Linux/Unix – Splitting a File into Smaller Ones

Managing Files

File management tools include those for splitting, comparing, and compressing files, making backup archives, and tracking file revisions. Other management tools exist for determining the contents of a file, and for changing its timestamp.


Splitting a File into Smaller Ones

It’s sometimes necessary to split one file into a number of smaller ones. For example, suppose you have a very large sound file in the near−CD−quality MPEG2, level 3 (“MP3”) format. Your file, `large.mp3′, is 4,394,422 bytes in size, and you want to transfer it from your desktop to your laptop, but your laptop and desktop are not connected on a network−−the only way to transfer files between them is by floppy disk. Because this file is much too large to fit on one floppy, you use split.

The split tool copies a file, chopping up the copy into separate files of a specified size. It takes as optional arguments the name of the input file (using standard input if none is given) and the file name prefix to use when writing the output files (using `x’ if none is given). The output files’ names will consist of the file prefix followed by a group of letters: `aa’, `ab’, `ac’, and so on−−the default output file names would be `xaa’, `xab’, and so on.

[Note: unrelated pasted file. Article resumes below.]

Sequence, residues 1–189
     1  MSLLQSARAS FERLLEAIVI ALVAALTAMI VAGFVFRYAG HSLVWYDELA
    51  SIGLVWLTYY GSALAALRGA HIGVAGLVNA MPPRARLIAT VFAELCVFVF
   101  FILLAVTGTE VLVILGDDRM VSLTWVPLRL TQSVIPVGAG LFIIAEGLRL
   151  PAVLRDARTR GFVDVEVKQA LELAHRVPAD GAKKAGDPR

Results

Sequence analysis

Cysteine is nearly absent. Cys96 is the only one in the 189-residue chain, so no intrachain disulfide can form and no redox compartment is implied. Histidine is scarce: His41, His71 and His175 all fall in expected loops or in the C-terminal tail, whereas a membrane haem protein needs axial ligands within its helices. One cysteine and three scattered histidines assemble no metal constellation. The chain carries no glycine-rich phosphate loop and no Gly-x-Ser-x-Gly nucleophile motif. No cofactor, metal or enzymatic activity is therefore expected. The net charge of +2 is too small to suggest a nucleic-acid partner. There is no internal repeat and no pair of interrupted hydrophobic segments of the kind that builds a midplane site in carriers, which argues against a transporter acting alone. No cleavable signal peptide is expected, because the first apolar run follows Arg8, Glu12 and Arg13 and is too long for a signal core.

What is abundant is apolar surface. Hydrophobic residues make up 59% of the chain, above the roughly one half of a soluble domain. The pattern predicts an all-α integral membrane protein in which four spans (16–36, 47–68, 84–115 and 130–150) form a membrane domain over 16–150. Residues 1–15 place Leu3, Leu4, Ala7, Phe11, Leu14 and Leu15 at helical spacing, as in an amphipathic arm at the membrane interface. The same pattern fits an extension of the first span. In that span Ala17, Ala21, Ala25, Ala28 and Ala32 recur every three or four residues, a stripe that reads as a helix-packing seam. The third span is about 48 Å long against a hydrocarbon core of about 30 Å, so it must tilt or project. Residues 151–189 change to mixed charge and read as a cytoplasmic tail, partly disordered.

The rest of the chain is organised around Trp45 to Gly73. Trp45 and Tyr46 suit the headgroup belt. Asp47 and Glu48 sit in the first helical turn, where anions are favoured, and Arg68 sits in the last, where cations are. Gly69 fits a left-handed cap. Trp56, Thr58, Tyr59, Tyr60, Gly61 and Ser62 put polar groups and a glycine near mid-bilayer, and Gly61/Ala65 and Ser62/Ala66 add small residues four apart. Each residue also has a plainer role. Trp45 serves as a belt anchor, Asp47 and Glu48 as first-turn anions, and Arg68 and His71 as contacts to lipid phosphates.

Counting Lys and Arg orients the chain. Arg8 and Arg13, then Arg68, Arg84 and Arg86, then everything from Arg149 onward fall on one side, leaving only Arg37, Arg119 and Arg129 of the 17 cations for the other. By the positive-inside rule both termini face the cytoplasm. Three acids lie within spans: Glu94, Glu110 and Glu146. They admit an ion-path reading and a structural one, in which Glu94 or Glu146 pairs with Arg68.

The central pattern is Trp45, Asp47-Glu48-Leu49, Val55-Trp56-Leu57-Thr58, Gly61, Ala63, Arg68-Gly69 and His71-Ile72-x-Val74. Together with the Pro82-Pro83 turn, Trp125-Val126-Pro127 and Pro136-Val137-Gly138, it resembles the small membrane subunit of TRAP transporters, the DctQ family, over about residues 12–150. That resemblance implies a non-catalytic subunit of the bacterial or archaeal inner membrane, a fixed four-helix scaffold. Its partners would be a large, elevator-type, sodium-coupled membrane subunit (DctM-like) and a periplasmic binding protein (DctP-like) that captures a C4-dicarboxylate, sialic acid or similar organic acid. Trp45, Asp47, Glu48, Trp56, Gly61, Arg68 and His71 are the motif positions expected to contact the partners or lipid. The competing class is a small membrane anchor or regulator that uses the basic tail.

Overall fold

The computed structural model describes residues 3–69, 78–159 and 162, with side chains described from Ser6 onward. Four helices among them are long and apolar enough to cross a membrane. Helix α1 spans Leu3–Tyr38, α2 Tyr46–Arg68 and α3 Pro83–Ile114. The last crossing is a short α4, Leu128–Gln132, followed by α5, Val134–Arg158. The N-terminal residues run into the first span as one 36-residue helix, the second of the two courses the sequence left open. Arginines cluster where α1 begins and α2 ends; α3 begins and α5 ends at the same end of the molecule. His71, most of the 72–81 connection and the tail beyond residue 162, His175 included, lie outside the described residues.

Specify the number of lines to put in each output file with the `−l’ option, or use the `−b’ option to specify the number of bytes to put in each output file. To specify the output files’ sizes in kilobytes or megabytes, use the `−b’ option and append `k’ or `m’, respectively, to the value you supply. If neither `−l’ nor `−b’ is used, split defaults to using 1,000 lines per output file.


To split `large.mp3′ into separate files of one megabyte each, whose names begin with `large.mp3.’, type:

$ split −b1m large.mp3 large.mp3. RET

This command creates five new files whose names begin with `large.mp3.’. The first four files are one

megabyte in size, while the last file is 200,118 bytes−−the remaining portion of the original file. No alteration is made to `large.mp3′You could then copy these five files onto four floppies (the last file fits on a floppy with one of the larger files), copy them all to your laptop, and then reconstruct the original file with cat.

To reconstruct the original file from the split files, type:

$ cat large.mp3.* 62; large.mp3 RET

$ rm large.mp3.* RET

In this example, the rm tool is used to delete all of the split files after the original file has been reconstructed.



About msotela

This blog is for anyone who wants to access the power of a Linux system as a systems administrator or user. You may be a Linux enthusiast, a Linux professional, or possibly a computer professional who is increasingly finding the Windows systems in your data center supplanted by Linux boxes.

Posted on March 16, 2009, in Unix/Linux. Bookmark the permalink. Leave a comment.

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